Thus, the center of the Roman grouping were Roman troops, while the wings were occupied by allied troops. Seon chief Brennus decided that the center of Roman formation would tie his warriors in combat, while the wings at the same time would bypass his army and hit the rear. To avoid this situation, Brennus first attacked the flanks of Roman chic. It turned out to be an effective maneuver, because the very sound of battle caused the Romans to panic and rushed to flee. The sight of escaping main forces meant that allied troops also decided to desert. The Gauls chased after killing their enemies without mercy. However, the Alia River, which is a left-bank tributary of the Tiber, stood in the way of the refugees. Many of them attempted to cross the river and died in the depths of the armor due to the weight of the armor and fatigue caused by escaping. Despite the defeat, however, a large part of the Roman forces managed to escape without major losses and reach the lands of Wejhes, from where they did not send messengers to Rome, with information about their situation. The rest of the Roman forces reached the city, where the news of the defeat caused terror among the inhabitants. The Gauls themselves were surprised by their easy victory and at first they did not move, fearing that the sudden escape of the enemy was only a strategic trick.
Capture and plunder of Rome
Livy described that at first the Gauls were very surprised by their easy victory over the Roman army. For some time they did not leave the battlefield, fearing that the enemy had ambushed somewhere. The victorious warriors devoted this time to plundering fallen enemies. Finally seeing that the enemy was not coming, they decided to continue their march on Rome. They reached the city just before sunset and here they were surprised by another view, because they found wide open gates and vacant walls. The Gauls decided to avoid a night battle in an unknown place and camped between Rome and the River Anio, postponing the morning entry into the city. Meanwhile, the inhabitants of Rome were not aware that most of their forces managed to escape to the lands of Wejhes after losing the battle. They were convinced that only the survivors who had reached the city survived the defeat. Everyone was terrified. The Romans, aware of their vulnerability, decided that the survivors of the battle, young people capable of carrying weapons, as well as young senators and their families, would take refuge on Capitoline Hill, which was turned into a defensive point. The Flamines, priests and Vestals were to take “state holiness” as far as possible from the city and ensure that the worship of the gods continued. The situation was so tragic that many old people who formerly held important state offices decided to stay in the city. Many of them followed their sons to the Capitol, but most decided to stay in their homes. Almost the entire population, for which there was no place on the Capitoline Hill, left Rome and went to Janikulum, and then dispersed into neighboring villages and cities. Priests and vestals could take only some of the “state saints”. They buried the rest in the chapel near the house of priest Kwiryna, and then left the city, along with the refugees. Then a plebeian, Lucius Albinius, spotted them, who was taking his family out of the city in a cart. He decided that it was not proper for vestals to walk, carrying precious relics. So he ordered his family to get off the cart and placed priestesses and the saints they carried, and took them to Cera, the Etruscan city that was Rome’s ally.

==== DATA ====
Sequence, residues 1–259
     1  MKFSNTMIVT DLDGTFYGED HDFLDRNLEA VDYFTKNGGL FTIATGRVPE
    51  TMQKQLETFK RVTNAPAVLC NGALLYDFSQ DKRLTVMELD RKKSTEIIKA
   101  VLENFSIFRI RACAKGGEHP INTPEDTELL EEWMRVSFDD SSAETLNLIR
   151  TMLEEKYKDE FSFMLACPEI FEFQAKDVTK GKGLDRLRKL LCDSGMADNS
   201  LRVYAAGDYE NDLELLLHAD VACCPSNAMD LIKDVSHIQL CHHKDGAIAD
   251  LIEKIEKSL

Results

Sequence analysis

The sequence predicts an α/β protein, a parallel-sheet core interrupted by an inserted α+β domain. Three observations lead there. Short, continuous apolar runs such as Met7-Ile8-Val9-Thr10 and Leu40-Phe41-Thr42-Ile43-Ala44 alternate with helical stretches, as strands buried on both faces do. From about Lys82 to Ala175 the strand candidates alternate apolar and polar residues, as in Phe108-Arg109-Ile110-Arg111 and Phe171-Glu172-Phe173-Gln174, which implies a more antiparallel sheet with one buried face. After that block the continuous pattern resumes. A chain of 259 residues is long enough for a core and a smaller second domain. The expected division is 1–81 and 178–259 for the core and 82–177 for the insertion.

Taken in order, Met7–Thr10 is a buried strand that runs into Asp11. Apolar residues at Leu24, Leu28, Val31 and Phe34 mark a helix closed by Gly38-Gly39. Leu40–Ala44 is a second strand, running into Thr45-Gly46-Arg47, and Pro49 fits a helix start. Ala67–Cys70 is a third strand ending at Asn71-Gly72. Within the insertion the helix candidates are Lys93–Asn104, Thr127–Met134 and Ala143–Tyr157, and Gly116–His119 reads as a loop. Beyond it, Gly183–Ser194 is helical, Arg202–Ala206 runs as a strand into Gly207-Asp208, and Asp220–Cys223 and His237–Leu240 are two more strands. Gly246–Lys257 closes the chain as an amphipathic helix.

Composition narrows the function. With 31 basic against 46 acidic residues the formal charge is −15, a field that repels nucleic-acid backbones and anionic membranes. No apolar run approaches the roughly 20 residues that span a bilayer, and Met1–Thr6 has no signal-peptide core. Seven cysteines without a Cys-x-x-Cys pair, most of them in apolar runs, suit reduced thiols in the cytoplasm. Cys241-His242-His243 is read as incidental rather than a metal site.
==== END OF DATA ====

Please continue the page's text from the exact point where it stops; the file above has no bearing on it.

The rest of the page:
Old men who were too weak to run away decided to stay in the city and wait for their fate with dignity. Those of them who previously held high state offices waited for the Gauls in their homes, dressed in the best robes, with signs of their offices and dignity. The next day, as the sun rose, the Gauls entered the city. They passed the open gates and entered the Roman Forum. The warriors left a small squad to keep an eye on the Capitol crew, and the rest of them scattered around the city, looking for loot. Everywhere, however, empty streets and empty houses greeted them. The only ones they met were the elderly, sitting quietly in their homes. At first, the Galls were surprised and amazed at their calmness. However, this changed quickly:
Afterwards being terrified by the very solitude, lest any stratagem of the enemy should surprise them whilst being dispersed, they returned in bodies into the forum and the parts adjoining to the forum, where the houses of the commons being shut, and the halls of the leading men lying open, almost greater backwardness was felt to attack the open than the shut houses; so completely did they behold with a sort of veneration men sitting in the porches of the palaces, who besides their ornaments and apparel more august than human, bore a striking resemblance to gods, in the majesty which their looks and the gravity of their countenance displayed. Whilst they stood gazing on these as on statues, it is said that Marcus Papirius, one of them, roused the anger of a Gaul by striking him on the head with his ivory, while he was stroking his beard, which was then universally worn long; and that the commencement of the bloodshed began with him, that the rest were slain in their seats. After the slaughter of the nobles, no person whatever was spared; the houses were plundered, and when emptied were set on fire.
– Titus Livy, Ab urbe condita, V.41